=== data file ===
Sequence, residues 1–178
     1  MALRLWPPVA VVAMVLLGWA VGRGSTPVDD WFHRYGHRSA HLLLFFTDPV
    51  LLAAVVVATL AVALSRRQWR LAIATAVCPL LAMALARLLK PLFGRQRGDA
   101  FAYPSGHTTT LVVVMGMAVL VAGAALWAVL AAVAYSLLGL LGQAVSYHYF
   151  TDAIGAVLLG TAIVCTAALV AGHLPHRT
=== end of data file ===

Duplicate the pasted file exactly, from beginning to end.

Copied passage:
Sequence, residues 1–178
     1  MALRLWPPVA VVAMVLLGWA VGRGSTPVDD WFHRYGHRSA HLLLFFTDPV
    51  LLAAVVVATL AVALSRRQWR LAIATAVCPL LAMALARLLK PLFGRQRGDA
   101  FAYPSGHTTT LVVVMGMAVL VAGAALWAVL AAVAYSLLGL LGQAVSYHYF
   151  TDAIGAVLLG TAIVCTAALV AGHLPHRT